Back To Back: Rangers 15, Tigers 5

Fans are reactionary. Even when they’re fans of a winning team. Sometimes even more when they’re fans of a winning team.

If you read the message boards of most of the Rangers fan sites out there, you would have seen a familiar theme Saturday morning. Calls for Ron Washington to take Michael Young out of the #4 hole in the line-up and move someone else in there. Forget that the Rangers were up 3-2 on the Tigers in the ALCS, this move MUST be made in order for the Rangers to win.

Thank goodness Washington stuck to his guns. Young was a hitting machine in the decisive Game 6, knocking in five runs with two doubles and a home run. Four of the RBI’s came in the 9-run third inning that pretty much decided things at just the 1/3 point of the game.

Wash’s decision was easy to understand. You don’t want to move people out of areas where they’re comfortable. In the work world, if you’re a clerk in a store and you’re suddenly asked to be a department head, odds are you’ll get off to a slow start. The same is true of a batting order in major league baseball. Players are comfortable when the manager places them in a certain slot for a long period of time and asking Young to move lower or asking someone else to move up to the 4 hole isn’t as easy as it sounds. It takes mental adjustments. It takes understanding that pitchers will pitch you differently at a different place in the line-up. Young has been in the clean-up spot since Adrian Beltre went on the DL in August. He’s thrived there and he will stay there until the World Series plays its last game.

Amazing. The first 12 runs scored by the Rangers were all without benefit of a home run. I’ve been saying all year this Rangers team is as complete a team as I’ve seen. Everyone has a role to play and no matter who Wash decides to go with, there’s a powerful line-up for the opposition to wade through. They can beat you by playing long ball, or they can beat you with speed and line drives. In the regular season, the starting pitching picked up the slack when the offense went into a rare slump. In the playoffs, the relief pitching picked up the starting pitching during their slump. And in Game 6, the offense was on full display.

Here’s a big difference between the Rangers and Tigers and how deep Texas is. The Rangers’ #5 starter, Alexi Ogando, was a vital piece of the post-season bullpen. The Tigers’ #5, Brad Penny, was the mop-up guy, the one you only want to bring in in a blow-out.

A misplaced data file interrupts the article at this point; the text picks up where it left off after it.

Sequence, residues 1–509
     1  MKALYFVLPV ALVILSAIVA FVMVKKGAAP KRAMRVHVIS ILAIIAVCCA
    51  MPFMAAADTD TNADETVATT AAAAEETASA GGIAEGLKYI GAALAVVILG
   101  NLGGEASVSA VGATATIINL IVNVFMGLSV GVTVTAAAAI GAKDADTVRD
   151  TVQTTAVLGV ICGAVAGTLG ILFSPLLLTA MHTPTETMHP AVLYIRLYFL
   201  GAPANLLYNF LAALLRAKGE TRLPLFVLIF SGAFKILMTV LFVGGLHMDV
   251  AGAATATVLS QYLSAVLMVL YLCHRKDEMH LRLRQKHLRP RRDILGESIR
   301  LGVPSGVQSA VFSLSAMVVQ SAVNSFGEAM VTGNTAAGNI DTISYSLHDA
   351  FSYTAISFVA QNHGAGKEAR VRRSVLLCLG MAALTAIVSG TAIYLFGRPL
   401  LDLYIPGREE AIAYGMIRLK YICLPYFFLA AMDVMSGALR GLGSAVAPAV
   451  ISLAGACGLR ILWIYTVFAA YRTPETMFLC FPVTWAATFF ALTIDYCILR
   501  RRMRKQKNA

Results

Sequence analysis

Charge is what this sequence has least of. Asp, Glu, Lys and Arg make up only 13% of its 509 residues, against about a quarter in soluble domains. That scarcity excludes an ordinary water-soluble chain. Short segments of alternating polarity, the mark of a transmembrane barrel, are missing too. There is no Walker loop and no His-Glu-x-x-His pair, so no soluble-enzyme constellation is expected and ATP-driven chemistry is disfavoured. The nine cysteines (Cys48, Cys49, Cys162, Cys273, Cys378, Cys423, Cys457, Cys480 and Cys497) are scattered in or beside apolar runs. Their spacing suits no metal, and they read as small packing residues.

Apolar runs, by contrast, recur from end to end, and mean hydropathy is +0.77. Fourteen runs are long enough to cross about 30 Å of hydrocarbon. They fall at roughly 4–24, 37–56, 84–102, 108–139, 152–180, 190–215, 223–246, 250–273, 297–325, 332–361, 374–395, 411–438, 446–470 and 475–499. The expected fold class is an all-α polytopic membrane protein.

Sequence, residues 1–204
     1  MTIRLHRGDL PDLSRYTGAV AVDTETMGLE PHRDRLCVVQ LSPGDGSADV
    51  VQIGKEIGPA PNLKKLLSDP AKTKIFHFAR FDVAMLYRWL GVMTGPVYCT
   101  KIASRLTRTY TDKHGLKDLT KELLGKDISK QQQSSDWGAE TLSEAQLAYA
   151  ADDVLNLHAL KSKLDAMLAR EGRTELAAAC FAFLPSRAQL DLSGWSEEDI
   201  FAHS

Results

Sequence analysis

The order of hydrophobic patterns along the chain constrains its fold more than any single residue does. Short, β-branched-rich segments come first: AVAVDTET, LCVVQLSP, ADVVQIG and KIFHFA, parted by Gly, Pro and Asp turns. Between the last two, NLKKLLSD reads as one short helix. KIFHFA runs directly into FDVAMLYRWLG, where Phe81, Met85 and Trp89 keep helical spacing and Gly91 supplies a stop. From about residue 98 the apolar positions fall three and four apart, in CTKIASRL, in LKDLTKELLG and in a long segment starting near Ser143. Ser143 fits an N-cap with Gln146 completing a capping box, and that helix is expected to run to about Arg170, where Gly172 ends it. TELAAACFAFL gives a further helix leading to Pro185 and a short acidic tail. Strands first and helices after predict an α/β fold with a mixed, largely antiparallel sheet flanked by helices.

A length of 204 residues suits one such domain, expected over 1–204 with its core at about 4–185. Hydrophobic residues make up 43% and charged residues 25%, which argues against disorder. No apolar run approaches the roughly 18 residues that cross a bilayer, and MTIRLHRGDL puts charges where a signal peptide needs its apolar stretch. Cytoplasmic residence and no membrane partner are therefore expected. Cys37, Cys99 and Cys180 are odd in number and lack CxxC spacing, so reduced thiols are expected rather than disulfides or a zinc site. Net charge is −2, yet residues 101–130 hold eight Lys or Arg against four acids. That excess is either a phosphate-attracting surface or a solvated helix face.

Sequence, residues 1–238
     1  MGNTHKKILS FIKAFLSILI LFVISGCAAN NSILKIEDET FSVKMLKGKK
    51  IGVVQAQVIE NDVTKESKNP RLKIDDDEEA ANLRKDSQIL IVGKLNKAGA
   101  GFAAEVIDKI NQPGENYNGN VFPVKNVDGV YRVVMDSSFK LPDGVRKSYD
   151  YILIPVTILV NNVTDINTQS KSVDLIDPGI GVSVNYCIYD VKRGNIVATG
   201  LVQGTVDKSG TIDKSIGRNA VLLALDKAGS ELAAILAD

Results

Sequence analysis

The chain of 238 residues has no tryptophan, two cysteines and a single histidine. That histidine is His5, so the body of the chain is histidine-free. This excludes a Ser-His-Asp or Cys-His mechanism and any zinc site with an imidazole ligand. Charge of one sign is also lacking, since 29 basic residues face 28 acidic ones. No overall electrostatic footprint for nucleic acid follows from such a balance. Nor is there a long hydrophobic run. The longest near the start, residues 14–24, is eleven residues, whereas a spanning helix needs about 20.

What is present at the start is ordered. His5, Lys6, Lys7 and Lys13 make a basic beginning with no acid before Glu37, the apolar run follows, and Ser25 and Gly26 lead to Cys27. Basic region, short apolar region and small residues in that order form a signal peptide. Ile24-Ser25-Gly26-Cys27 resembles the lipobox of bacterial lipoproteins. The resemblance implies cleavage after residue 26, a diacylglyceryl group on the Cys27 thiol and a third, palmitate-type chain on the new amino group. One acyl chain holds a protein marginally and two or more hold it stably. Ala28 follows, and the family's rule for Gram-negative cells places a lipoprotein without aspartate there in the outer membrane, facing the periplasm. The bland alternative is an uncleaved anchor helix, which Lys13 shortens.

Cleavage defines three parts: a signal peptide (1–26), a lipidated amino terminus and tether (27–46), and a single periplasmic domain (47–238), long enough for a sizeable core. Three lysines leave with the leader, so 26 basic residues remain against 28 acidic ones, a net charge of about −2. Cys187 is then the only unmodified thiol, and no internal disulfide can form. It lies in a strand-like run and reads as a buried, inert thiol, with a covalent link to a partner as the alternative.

The defense was on full display as well. Josh Hamilton’s catch against the left field wall on one drive was as good a defensive play as any in this series. Nelson Cruz had another great catch when he almost collided with center fielder Craig Gentry.

Once again, the Rangers couldn’t get five innings out of a starter. This time, it was a shame, because Derek Holland was pitching so much better than he did in Game 2. His command was better, he was striking out batters. He was just giving up gopher balls. After the third home run cut the lead to 9-4 in the 5th, Wash decided not to take any chances and brought Scott Feldman in. In a regular season game, Holland would’ve still been out there.

Nelson Cruz got the ALCS MVP. Nobody even came close. Cruz set post-season records for home runs and RBI’s in a 6-game series.

That being said, I remarked to my wife how incredibly awesome it must feel for Mike Napoli to be coming up to bat at Rangers Ballpark in Arlington and hearing 50,000 fans screaming, “Nap-O-Li, Nap-O-Li, Nap-O-Li!” That boy’s going to be getting a massive raise in the off-season.

The Rangers now become the first team in ten years to represent the AL in the World Series two consecutive years, and the first AL West team in 20 years to accomplish the feat. For a fan who’s seen more bad times than good over 41 years of following this franchise, it is very strange to hear national talking heads say they should be favored to win the World Series this year. Rangers fans are not used to being considered the favorites. Very weird.  

Next up: either the Cardinals or the Brewers. I’m not sure which, if any, I prefer. All I know is, my team is there for the second consecutive year. This time, I think the Rangers aren’t happy with the idea of just being there. This time they’re in it to win it.



  1. 18-Year-Ranger Fan

    And I get to go to Game 4…keeping the (new) family tradition of someone going to the Rangers World Series game